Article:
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14.1 Loop representation

This chapter describes the representation of loops in GCC, and functions that can be used to build, modify and analyze this representation. Most of the interfaces and data structures are declared in cfgloop.h. At the moment, loop structures are analyzed and this information is updated only by the optimization passes that deal with loops, but some efforts are being made to make it available throughout most of the optimization passes.

In general, a natural loop has one entry block (header) and possibly several back edges (latches) leading to the header from the inside of the loop. Loops with several latches may appear if several loops share a single header, or if there is a branching in the middle of the loop. The representation of loops in GCC however allows only loops with a single latch. During loop analysis, headers of such loops are split and forwarder blocks are created in order to disambiguate their structures. Heuristic based on profile information and structure of the induction variables in the loops is used to determine whether the latches correspond to sub-loops or to control flow in a single loop. This means that the analysis sometimes changes the CFG, and if you run it in the middle of an optimization pass, you must be able to deal with the new blocks. You may avoid CFG changes by passing LOOPS_MAY_HAVE_MULTIPLE_LATCHES flag to the loop discovery, note however that most other loop manipulation functions will not work correctly for loops with multiple latch edges (the functions that only query membership of blocks to loops and subloop relationships, or enumerate and test loop exits, can be expected to work).

Body of the loop is the set of blocks that are dominated by its header, and reachable from its latch against the direction of edges in CFG. The loops are organized in a containment hierarchy (tree) such that all the loops immediately contained inside loop L are the children of L in the tree. This tree is represented by the struct loops structure. The root of this tree is a fake loop that contains all blocks in the function. Each of the loops is represented in a struct loop structure. Each loop is assigned an index (num field of the struct loop structure), and the pointer to the loop is stored in the corresponding field of the larray vector in the loops structure. The indices do not have to be continuous, there may be empty (NULL) entries in the larray created by deleting loops. Also, there is no guarantee on the relative order of a loop and its subloops in the numbering. The index of a loop never changes.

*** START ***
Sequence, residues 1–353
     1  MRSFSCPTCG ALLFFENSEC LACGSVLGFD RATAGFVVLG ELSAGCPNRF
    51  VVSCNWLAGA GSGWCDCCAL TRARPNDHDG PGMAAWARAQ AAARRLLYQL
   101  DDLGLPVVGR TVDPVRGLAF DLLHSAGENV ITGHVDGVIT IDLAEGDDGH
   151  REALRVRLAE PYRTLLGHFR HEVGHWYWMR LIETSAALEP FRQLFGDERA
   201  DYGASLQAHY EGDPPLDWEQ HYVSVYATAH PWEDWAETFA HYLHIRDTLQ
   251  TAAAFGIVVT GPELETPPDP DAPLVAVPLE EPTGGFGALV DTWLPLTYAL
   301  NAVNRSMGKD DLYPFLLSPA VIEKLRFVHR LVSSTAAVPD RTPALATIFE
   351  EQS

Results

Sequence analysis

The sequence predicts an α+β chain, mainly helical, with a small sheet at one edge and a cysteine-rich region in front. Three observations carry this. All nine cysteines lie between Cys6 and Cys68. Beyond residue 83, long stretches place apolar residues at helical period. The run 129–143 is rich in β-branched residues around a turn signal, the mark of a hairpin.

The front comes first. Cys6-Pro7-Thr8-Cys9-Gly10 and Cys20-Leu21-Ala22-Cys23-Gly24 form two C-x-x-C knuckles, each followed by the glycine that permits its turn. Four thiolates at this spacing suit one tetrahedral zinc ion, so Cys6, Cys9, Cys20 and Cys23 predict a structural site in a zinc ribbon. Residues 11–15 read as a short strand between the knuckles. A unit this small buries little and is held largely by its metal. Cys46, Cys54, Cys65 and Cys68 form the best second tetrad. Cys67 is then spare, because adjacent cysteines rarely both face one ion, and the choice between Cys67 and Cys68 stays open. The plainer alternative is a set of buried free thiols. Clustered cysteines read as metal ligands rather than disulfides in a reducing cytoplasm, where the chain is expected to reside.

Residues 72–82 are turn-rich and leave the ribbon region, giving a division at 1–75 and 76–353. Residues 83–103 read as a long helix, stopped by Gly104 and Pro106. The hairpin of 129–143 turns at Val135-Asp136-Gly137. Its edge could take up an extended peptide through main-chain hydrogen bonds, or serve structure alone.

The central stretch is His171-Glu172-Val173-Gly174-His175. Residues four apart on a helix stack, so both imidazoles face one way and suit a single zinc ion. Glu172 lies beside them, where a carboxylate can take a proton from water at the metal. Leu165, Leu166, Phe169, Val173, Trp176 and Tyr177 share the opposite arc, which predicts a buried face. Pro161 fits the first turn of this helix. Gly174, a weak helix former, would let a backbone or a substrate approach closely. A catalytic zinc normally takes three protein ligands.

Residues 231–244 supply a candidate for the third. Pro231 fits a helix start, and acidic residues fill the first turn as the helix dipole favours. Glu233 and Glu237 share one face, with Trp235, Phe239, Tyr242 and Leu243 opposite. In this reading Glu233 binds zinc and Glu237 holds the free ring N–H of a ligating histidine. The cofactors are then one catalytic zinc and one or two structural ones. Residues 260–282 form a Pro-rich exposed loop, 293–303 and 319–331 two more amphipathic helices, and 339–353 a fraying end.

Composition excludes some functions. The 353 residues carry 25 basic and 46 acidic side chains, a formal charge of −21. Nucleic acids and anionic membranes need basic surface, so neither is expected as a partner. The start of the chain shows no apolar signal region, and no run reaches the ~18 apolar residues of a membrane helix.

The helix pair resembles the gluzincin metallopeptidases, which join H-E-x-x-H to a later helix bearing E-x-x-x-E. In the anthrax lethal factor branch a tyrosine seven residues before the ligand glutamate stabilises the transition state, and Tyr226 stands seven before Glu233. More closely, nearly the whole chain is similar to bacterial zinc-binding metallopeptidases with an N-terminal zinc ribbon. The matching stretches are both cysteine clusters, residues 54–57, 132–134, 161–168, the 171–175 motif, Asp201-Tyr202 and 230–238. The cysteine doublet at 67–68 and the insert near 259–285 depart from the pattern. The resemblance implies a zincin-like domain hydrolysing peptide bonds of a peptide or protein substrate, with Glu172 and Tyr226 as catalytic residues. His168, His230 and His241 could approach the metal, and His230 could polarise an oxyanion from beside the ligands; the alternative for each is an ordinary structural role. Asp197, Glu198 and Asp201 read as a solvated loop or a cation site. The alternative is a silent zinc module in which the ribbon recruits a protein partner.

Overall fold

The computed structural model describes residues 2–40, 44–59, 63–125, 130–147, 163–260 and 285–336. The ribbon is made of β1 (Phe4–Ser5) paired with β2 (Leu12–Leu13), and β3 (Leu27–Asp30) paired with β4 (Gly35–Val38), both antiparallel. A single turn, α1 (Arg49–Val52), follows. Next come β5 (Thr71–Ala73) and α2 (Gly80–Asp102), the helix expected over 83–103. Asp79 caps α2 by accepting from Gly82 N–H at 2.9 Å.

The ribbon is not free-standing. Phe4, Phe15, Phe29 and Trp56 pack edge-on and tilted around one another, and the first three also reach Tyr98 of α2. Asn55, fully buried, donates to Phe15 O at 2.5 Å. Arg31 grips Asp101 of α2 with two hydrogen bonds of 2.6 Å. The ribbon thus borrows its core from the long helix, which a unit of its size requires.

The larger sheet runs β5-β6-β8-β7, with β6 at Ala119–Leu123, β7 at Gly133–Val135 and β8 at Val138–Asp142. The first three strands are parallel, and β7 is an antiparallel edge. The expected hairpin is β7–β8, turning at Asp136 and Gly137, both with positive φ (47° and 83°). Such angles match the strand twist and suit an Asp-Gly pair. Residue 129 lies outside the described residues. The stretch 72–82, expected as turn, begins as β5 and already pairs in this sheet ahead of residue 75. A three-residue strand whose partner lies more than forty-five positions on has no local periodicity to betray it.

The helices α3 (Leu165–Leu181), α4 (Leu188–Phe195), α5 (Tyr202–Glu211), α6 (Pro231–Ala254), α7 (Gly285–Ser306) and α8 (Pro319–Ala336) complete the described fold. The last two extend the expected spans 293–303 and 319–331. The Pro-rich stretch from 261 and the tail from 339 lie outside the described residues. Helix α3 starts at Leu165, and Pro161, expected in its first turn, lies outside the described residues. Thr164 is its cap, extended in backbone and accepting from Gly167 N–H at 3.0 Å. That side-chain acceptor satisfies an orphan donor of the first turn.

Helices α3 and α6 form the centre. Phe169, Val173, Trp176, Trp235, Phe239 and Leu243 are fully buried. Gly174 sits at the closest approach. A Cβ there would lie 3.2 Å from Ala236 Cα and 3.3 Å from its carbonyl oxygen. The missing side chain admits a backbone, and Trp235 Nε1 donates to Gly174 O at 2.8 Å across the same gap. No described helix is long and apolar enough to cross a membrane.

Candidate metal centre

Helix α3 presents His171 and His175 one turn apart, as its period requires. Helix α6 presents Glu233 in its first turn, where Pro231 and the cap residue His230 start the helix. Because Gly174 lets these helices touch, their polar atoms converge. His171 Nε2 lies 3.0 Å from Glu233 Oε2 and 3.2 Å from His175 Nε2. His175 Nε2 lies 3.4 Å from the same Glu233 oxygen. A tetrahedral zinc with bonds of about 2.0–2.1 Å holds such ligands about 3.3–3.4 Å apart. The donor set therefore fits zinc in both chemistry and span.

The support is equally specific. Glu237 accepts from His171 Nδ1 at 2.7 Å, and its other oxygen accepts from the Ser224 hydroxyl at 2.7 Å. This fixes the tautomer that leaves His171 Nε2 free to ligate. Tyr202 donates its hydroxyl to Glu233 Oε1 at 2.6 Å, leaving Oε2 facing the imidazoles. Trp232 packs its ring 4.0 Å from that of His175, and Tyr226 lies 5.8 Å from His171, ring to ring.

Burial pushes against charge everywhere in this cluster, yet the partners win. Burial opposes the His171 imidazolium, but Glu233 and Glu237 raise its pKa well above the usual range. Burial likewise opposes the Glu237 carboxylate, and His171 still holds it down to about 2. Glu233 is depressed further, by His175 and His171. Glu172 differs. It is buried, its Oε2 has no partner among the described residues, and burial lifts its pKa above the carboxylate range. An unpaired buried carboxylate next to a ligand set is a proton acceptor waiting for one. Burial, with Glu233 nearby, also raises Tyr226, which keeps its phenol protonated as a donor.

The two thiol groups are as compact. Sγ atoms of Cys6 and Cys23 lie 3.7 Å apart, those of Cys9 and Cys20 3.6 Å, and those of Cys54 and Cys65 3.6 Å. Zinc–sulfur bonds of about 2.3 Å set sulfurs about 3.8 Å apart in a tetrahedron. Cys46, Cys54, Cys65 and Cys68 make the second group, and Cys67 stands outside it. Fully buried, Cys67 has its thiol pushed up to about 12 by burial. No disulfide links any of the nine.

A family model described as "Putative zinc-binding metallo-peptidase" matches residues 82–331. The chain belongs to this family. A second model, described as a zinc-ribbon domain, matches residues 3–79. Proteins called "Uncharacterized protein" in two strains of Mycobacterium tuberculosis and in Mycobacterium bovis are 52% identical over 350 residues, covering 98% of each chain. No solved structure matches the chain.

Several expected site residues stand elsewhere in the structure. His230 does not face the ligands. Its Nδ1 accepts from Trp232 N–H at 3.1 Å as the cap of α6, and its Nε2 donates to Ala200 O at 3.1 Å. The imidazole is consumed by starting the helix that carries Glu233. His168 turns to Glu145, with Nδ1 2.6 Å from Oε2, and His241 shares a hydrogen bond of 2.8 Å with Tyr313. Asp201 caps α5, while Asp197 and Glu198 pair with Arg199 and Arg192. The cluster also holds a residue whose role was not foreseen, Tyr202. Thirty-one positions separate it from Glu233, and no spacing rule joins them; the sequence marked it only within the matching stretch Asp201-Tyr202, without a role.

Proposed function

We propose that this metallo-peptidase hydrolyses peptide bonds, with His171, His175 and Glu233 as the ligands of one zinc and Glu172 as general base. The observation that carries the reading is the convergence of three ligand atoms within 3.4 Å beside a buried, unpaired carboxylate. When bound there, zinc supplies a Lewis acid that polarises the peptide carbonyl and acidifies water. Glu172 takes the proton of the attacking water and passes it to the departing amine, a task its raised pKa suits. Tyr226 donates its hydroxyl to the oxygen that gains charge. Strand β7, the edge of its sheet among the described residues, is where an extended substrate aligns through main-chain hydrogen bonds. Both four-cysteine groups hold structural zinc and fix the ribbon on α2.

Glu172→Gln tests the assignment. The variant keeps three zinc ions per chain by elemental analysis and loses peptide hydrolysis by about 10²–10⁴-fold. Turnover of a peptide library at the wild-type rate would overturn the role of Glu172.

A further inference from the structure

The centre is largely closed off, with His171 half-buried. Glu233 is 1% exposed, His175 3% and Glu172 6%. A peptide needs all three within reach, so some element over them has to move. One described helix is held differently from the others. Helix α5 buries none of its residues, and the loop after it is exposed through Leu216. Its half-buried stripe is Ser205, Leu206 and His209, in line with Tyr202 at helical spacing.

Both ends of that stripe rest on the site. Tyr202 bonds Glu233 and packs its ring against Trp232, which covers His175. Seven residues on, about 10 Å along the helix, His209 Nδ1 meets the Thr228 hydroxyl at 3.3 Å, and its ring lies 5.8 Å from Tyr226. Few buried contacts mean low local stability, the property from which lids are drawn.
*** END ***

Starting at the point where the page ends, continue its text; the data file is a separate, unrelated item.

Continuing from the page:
The entries of the larray field should not be accessed directly. The function get_loop returns the loop description for a loop with the given index. number_of_loops function returns number of loops in the function. To traverse all loops, use FOR_EACH_LOOP macro. The flags argument of the macro is used to determine the direction of traversal and the set of loops visited. Each loop is guaranteed to be visited exactly once, regardless of the changes to the loop tree, and the loops may be removed during the traversal. The newly created loops are never traversed, if they need to be visited, this must be done separately after their creation. The FOR_EACH_LOOP macro allocates temporary variables. If the FOR_EACH_LOOP loop were ended using break or goto, they would not be released; FOR_EACH_LOOP_BREAK macro must be used instead.

Each basic block contains the reference to the innermost loop it belongs to (loop_father). For this reason, it is only possible to have one struct loops structure initialized at the same time for each CFG. The global variable current_loops contains the struct loops structure. Many of the loop manipulation functions assume that dominance information is up-to-date.

The loops are analyzed through loop_optimizer_init function. The argument of this function is a set of flags represented in an integer bitmask. These flags specify what other properties of the loop structures should be calculated/enforced and preserved later:

These properties may also be computed/enforced later, using functions create_preheaders, force_single_succ_latches, mark_irreducible_loops and record_loop_exits.

The memory occupied by the loops structures should be freed with loop_optimizer_finalize function.

The CFG manipulation functions in general do not update loop structures. Specialized versions that additionally do so are provided for the most common tasks. On GIMPLE, cleanup_tree_cfg_loop function can be used to cleanup CFG while updating the loops structures if current_loops is set.